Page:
Dolors Sala Carrio passed away in Barcelona on Monday, with the club releasing a statement on their official Twitter account.

It read: "The Manchester City family are devastated to report the death today of Pep's mother Dolors Sala Carrio in Manresa, Barcelona after contracting coronavirus. She was 82 years old.

"Everyone associated with the club sends their most heartfelt sympathy at this most distressing time to Pep, his family and all their friends."

Guardiola was reported to have returned home to Spain before the country was put on lockdown in an attempt to curb the spread of COVID-19.

He made a €1million donation to the Angel Soler Daniel Foundation last month, with a view to boosting investment in medical equipment in Catalonia.

Spain has been affected by COVID-19 more than any other European country, with over 135,000 confirmed cases as of Monday.

More than 13,000 people have lost their lives after contracting the virus, which emerged in China late last year.

England's Football Association (FA) has announced up to 30 per cent temporary pay cuts for its highest earners and proposed staff paid more than £50,000 yearly accept a reduction to mitigate financial issues caused the coronavirus pandemic.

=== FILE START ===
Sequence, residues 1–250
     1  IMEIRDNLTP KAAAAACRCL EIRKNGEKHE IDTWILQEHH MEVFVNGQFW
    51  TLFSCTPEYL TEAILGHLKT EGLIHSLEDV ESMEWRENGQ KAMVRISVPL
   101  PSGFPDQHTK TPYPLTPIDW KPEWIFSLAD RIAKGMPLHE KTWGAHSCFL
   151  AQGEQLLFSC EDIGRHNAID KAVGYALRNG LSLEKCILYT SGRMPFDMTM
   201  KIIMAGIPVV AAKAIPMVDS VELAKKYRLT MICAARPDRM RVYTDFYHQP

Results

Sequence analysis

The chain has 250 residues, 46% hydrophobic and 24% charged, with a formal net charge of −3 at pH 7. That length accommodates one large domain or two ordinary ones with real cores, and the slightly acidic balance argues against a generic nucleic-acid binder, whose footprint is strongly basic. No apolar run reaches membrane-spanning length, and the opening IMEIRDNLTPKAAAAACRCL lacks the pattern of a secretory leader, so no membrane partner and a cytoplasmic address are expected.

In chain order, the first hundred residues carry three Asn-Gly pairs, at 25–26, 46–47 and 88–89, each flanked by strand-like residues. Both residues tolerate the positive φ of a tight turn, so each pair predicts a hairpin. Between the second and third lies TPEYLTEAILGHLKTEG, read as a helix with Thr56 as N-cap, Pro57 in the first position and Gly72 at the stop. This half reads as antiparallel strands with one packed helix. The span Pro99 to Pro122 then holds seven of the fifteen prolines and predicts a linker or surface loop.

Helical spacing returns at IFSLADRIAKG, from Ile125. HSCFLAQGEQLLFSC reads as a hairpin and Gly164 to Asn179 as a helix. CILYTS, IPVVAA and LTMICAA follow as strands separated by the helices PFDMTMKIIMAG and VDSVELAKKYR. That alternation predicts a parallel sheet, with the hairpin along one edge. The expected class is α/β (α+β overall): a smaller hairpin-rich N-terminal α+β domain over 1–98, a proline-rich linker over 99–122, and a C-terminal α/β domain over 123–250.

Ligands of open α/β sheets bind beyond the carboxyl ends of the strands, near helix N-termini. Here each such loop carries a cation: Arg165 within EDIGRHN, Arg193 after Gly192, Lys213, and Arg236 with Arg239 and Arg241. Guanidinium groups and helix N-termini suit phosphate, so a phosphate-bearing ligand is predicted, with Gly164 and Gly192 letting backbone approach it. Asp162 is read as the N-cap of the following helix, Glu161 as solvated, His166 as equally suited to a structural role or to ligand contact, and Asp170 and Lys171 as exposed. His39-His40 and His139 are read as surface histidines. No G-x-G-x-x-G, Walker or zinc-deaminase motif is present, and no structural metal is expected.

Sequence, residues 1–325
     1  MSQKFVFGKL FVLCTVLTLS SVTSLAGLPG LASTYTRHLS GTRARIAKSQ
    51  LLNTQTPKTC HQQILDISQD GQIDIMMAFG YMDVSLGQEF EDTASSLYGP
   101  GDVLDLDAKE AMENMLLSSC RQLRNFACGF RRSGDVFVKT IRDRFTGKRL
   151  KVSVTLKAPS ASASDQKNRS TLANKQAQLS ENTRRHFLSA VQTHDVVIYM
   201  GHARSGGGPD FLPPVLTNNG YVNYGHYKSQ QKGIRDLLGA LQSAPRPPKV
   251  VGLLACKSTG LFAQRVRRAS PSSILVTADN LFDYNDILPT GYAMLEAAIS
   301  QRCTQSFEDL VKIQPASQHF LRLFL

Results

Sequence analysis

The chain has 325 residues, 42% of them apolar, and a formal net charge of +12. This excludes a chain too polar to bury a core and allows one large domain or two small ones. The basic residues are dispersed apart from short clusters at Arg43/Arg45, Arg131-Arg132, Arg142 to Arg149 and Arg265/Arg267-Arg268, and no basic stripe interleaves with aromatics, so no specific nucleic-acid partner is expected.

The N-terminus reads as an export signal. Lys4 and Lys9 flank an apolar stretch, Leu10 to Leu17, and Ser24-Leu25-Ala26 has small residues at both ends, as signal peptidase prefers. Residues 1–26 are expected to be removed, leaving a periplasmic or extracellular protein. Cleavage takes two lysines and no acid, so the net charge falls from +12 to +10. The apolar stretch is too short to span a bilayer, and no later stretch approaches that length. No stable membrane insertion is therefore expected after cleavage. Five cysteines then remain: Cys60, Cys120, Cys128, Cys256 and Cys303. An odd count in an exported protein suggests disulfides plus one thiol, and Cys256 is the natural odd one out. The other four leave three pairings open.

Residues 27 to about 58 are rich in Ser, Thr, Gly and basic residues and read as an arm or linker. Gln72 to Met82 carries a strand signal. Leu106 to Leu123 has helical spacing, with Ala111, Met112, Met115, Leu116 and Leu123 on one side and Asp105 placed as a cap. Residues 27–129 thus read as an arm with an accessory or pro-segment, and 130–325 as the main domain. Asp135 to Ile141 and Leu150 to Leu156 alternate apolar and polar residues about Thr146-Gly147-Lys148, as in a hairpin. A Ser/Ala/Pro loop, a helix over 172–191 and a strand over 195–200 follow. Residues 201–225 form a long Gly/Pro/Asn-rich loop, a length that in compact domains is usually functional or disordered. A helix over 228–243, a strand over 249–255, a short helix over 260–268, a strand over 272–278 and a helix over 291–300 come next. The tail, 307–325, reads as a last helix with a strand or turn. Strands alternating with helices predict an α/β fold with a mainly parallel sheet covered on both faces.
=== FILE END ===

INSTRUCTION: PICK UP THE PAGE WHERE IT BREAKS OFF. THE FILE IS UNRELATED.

COVID-19 has claimed the lives of over 70,000 people worldwide since its emergence in China late last year, impacting everyday life for almost everyone on the planet.

Top-level sport has consequently been interrupted and the knock-on effect of that is financial strain on leagues, clubs and governing bodies.

Some Premier League clubs have taken advantage of the United Kingdom government's furlough scheme, which allows members of the workforce affected by the pandemic to claim 80 per cent of their wages – up to £2,500 a month – from the state.

The FA is yet to follow suit, with the likes of Tottenham and Liverpool attracting widespread criticism for using the scheme, instead proposing staff earning more than £50,000 a year accept a reduction of 7.5 per cent, while the highest earners – including the likes of England manager Gareth Southgate – face a cut of up to 30 per cent as the organisation predicts a financial impact that could exceed £150million.